Winston-Salem Celebrates Beethoven

Winston-Salem Celebrates Beethoven

If you’re a Beethoven fan, or just an admirer of classical music in general, Winston-Salem is the place to be in 2020. The immortal composer turns 250 this December, and classical music lovers around the world are eager to celebrate this exciting anniversary.

Last week, the Elias String Quartet, a group from England, performed nine of Beethoven’s string quartets as part of the Secrest Artists Series. If you didn’t go to those concerts, you really missed out on something special. Complete Beethoven string quartet cycles are relatively rare — free ones even rarer — and the Elias Quartet performed the pieces with amazing polish and energy. Thankfully for those of us who weren’t able to make last week’s performances, the Elias Quartet will be back in October to complete the cycle. Every one of the concerts in the fall will feature a quartet from the early, middle and late periods of Beethoven’s life, ensuring that listeners can experience the composer’s stylistic development in each concert.

However, the Secrest concerts are not the only amazing Beethoven-themed events happening in Winston-Salem this spring. There are a variety of exciting concerts and activities planned throughout the city, ranging from traditional symphony concerts to dance events and film screenings.

Perhaps the most exciting event coming up is the Winston-Salem Symphony’s Beethoven Celebration concert, which will be held on April 5 at 3 p.m. and April 7 at 7:30 p.m. at the Stevens Center. The concert will begin with the overture to Beethoven’s only opera, Fidelio (fun fact: he wrote four different overtures to this opera, in a classic example of his characteristic perfectionism), and continue with his Sixth Symphony, popularly known as the “Pastoral.” The Sixth Symphony is unique in that it is the only programmatic symphony that Beethoven wrote. That means that it tells a story, in this case illustrating scenes in the countryside (including a dramatic storm), unlike his other symphonies, which are “absolute” music with no explicit narrative qualities. With the Sixth Symphony, you can really hear the scenes Beethoven is trying to depict, with each movement given a descriptive title. The concert will conclude with the “Mass in C,” one of the composer’s greatest choral works. “The Mass” is a rare treat, often overshadowed by Beethoven’s more popular pieces for chorus and orchestra, such as the “Missa Solemnis” and, of course, the Ninth Symphony. Despite its bad initial reception — the person who commissioned it, Prince Nikolaus Esterházy II, was extremely disappointed at the premiere — it is now considered to be one of Beethoven’s most heartfelt and direct pieces.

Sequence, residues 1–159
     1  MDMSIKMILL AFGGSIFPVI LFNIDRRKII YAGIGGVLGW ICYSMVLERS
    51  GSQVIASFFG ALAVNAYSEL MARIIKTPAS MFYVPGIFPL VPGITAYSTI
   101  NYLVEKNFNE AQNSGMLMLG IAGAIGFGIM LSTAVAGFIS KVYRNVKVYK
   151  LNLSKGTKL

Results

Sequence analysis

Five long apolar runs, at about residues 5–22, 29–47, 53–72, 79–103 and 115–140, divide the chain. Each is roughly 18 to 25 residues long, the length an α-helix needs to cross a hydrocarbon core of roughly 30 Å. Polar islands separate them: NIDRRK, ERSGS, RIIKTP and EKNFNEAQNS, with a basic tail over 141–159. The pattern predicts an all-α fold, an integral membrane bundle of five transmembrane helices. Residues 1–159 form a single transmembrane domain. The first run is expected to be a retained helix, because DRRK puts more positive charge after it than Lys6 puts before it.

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For those who aren’t particularly interested in a symphony concert, there are other events happening around Winston-Salem. If you’re here during spring break, there are two dance events on March 13 and March 14 at 8 p.m. at Hanesbrands Theater: “Dancing Beethoven, Chopin, Rachmaninoff, Rakowski.” If movies are more your thing, the 1994 film Immortal Beloved, starring Gary Oldman, will be playing every day at 12:30 p.m. at the UNCSA Main Theatre from March 26 to April 5.

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